Spring & summer wildlife in Mid Wales
There are bits of the Cambrian Mountains where the rarest species is humans. For the rest of the natural world, early summer is the busiest time of year, as the clifftops and woodlands burst with colour, and the ospreys and dolphins lead a star cast of wildlife.
You can spot dolphins almost anywhere along the west coast in summer. But to give your chances a boost, visit the Cardigan Bay Marine Wildlife Centre in New Quay and take a boat trip, or simply keep an eye out to sea from the glorious clifftop walks.
Mountain bikers and red kites both flock to the visitor centre at Bwlch Nant yr Arian. It became a red kite feeding station in 1999, designed to give the small numbers of kites a helping hand and to encourage them to gather together. Nowadays around 150 birds swoop to daily feedings, which take place at 3pm in the summer.
Lapwings were once common on farmland, but their numbers have dropped alarmingly. Ynys-hir is one of their most important strongholds, and they share this fabulous reserve with dozens of other species. There’s all kinds of habitat, from marsh to meadow, but a walk through the ancient oak woodland, when it’s carpeted with spring flowers, is a particular delight.
Cors Caron's vast raised bog is the most important in the UK, and supports a staggering amount of life, including around 16 species of dragonfly. They’re gorgeous to look at… and pretty tasty, judging by the number of hobbies - agile little hawks - that predate on them.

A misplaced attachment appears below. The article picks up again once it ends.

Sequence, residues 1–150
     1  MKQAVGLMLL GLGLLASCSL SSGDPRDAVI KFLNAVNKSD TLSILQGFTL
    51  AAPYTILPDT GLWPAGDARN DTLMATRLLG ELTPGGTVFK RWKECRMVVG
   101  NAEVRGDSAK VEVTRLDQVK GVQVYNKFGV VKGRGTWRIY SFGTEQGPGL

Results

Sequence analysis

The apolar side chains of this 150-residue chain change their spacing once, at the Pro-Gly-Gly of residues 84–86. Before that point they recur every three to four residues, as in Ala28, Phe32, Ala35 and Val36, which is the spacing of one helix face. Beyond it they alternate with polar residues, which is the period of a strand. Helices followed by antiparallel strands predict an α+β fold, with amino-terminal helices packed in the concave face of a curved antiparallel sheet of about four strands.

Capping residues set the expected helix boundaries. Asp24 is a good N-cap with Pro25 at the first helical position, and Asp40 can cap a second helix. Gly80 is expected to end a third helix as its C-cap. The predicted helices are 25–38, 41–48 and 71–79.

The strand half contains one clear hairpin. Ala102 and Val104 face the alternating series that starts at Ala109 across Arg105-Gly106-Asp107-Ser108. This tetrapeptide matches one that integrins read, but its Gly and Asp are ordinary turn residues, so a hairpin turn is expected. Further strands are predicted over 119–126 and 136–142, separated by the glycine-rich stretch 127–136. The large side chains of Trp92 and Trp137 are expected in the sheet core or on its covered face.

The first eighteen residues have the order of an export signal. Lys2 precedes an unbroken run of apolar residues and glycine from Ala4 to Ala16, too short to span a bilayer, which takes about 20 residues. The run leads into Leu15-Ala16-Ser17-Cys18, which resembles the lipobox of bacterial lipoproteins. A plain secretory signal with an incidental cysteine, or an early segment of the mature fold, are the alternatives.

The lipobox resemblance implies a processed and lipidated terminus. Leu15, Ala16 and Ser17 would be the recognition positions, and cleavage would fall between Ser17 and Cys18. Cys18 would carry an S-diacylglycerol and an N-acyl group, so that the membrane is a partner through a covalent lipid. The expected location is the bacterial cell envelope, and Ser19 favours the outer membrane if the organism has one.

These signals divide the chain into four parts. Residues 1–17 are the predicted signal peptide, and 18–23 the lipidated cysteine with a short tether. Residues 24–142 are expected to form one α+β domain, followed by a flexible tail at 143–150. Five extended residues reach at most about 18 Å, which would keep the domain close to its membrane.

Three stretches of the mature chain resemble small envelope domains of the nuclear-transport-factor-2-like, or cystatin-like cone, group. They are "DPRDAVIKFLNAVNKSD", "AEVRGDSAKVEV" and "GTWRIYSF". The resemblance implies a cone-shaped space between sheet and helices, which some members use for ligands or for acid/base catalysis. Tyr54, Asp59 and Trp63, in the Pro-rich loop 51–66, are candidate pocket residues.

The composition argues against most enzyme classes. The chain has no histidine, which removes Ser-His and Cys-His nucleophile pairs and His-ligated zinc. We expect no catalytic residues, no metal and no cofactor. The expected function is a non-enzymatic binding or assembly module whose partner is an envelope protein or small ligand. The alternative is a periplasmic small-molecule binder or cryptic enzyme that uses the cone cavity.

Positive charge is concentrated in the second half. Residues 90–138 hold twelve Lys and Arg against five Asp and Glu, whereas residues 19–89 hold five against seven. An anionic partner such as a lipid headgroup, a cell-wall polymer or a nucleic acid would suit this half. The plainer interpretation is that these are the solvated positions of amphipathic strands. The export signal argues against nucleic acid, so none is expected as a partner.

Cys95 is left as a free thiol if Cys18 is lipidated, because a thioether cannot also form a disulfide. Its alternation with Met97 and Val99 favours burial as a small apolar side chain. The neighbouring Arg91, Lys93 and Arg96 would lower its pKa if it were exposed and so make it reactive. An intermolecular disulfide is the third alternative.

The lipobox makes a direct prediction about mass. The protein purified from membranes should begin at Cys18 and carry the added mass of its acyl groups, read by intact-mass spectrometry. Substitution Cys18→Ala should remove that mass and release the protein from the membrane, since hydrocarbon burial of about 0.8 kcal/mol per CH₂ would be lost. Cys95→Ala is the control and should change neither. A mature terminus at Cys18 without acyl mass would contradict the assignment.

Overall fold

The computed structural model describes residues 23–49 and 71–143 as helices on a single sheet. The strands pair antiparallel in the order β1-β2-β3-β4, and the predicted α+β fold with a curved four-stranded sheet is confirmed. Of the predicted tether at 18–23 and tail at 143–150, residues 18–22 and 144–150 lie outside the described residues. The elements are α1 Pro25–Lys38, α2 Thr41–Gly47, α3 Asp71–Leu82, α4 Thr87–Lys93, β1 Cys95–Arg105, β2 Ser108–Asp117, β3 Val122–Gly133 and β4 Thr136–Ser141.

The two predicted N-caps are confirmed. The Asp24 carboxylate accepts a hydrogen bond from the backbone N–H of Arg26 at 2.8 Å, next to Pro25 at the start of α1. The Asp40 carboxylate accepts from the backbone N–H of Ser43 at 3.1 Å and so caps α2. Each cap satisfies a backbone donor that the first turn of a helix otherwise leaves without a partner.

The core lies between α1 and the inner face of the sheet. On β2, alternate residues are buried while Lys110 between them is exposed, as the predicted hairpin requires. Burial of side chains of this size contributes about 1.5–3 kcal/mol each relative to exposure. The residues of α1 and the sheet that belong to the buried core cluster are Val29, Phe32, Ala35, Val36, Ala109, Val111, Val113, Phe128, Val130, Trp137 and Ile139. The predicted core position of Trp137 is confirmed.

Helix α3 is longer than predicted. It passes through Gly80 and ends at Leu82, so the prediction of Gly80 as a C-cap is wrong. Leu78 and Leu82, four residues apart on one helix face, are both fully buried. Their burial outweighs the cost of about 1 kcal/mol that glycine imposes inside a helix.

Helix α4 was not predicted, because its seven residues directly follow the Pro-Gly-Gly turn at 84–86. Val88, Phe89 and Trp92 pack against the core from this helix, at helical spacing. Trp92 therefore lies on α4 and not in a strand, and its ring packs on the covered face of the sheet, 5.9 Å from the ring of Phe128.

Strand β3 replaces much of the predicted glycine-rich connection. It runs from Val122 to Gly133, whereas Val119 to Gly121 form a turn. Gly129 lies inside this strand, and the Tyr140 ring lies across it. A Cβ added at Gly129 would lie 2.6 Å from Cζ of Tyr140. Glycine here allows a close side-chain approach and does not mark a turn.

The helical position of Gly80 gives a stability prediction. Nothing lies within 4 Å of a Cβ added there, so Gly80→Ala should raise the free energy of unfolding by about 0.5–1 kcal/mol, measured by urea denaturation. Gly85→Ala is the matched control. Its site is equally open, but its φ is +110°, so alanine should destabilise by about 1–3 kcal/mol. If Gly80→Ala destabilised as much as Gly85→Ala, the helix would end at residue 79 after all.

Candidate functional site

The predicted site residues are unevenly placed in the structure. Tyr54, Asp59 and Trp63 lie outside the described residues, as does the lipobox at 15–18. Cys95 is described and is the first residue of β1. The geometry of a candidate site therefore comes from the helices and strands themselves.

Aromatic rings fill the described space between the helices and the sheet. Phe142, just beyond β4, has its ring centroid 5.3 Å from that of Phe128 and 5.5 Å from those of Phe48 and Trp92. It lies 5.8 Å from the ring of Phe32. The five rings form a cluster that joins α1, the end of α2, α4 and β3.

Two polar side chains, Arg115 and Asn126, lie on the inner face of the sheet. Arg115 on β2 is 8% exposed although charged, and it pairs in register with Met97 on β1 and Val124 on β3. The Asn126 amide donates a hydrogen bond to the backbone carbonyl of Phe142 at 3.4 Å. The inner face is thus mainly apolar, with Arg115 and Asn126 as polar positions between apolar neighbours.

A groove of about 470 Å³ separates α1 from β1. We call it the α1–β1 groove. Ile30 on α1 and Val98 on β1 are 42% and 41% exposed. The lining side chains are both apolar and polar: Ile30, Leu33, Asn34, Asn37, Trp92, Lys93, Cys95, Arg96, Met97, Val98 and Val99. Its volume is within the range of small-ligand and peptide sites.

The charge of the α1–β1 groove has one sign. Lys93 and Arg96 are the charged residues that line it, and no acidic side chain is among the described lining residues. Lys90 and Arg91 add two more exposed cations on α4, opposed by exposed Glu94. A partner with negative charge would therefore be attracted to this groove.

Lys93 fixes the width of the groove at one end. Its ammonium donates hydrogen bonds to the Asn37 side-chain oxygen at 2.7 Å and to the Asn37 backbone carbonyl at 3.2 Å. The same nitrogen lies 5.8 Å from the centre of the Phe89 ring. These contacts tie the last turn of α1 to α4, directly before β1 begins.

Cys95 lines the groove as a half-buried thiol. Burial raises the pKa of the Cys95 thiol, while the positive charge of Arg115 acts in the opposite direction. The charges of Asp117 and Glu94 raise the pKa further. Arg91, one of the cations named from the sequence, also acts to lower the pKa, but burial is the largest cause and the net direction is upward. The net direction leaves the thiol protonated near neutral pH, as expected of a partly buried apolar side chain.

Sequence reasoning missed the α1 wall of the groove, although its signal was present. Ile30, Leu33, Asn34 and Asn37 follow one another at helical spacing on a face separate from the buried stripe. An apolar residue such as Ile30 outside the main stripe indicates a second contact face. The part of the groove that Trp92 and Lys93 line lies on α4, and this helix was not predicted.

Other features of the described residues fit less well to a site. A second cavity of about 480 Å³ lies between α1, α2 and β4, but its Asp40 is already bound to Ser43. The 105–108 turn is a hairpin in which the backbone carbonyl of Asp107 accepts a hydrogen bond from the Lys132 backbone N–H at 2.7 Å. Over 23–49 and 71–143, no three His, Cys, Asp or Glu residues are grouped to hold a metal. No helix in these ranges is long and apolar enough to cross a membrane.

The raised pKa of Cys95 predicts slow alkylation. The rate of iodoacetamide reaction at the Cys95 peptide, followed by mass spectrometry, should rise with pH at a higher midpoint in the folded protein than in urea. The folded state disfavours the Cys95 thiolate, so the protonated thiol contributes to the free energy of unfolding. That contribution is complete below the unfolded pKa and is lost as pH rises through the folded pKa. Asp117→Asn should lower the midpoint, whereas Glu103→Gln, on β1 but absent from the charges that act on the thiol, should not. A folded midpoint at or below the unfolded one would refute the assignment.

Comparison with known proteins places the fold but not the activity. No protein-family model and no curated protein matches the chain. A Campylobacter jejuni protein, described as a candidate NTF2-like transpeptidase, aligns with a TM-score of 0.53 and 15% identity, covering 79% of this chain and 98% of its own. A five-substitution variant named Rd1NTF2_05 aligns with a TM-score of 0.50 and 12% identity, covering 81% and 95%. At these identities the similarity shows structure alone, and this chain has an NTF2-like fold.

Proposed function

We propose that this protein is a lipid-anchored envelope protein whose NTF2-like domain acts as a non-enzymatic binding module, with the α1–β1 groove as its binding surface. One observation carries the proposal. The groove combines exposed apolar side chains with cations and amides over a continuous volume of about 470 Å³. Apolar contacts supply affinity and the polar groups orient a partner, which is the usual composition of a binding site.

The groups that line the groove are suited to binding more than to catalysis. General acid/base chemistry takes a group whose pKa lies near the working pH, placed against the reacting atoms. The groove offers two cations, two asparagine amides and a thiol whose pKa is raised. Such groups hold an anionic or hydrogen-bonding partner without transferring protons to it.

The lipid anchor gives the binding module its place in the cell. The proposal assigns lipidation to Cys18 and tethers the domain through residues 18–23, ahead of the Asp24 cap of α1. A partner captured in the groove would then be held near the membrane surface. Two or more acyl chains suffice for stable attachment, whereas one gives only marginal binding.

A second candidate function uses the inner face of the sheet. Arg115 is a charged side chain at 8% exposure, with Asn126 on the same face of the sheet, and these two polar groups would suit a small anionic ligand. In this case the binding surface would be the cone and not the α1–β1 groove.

Old Warren Hill Iron Age hillfort has long surrendered to nature, and its wooded slopes are now the ideal home for all kinds of birds, while badgers live in the ramparts. In early summer it’s one of the best places in the area to enjoy bluebells and other ground flora.
The ‘witch’s pool’ was carved by a waterfall where the River Enig plunges down a wooded gorge. It’s especially lovely at Pwll-y-Wrach nature reserve in spring, when wood anemones poke like white stars through a yellow carpet of lesser celandines. Later on, bluebells fleck the woodland floor with shimmering blue and the heady scent of wild garlic fills the air.
When we describe this as the back of beyond, we mean it as a compliment. When you drive the Abergwesyn Pass, up the winding Devil’s Staircase, there are genuine moments when you wonder if you’ve passed through some time portal. Strike up into the hills on foot, head north, and you’ll be in the loneliest part of the Cambrian Mountains, the only human traces being ancient stone circles. Abergwesyn Common is splendid isolation, indeed.
Monty the osprey spends his winters in West Africa, but since 2011 he comes back home to Cors Dyfi each spring to mate. Over the years Monty and his partners have raised one to three chicks successfully each year. With any luck they’ll all be back again from April to September. Spring and summer are also the best times to see Cors Dyfi’s other plants and animals, which include nightjars, warblers and water buffalo, which graze the marshes and keep the reserve in tip-top shape.
Arthog Bog's small wetland, one of the few remaining fragments of the Mawddach Estuary’s raised bog, is a wonderful place to see weird and wonderful plants, flowers, butterflies and birds. With more than 130 species of plants recorded, there are colourful displays of marsh marigold and yellow flag in the spring and hemp agrimony, meadowsweet and ragged robin through the summer.
More than 30 breeding species of bird live in the willow and alder woodland of Withybeds along the River Lugg, including flycatchers, woodpeckers and little owls. In spring and early summer the wood is full of birdsong, which can be enjoyed by all, thanks to a boardwalk which is suitable for wheelchairs.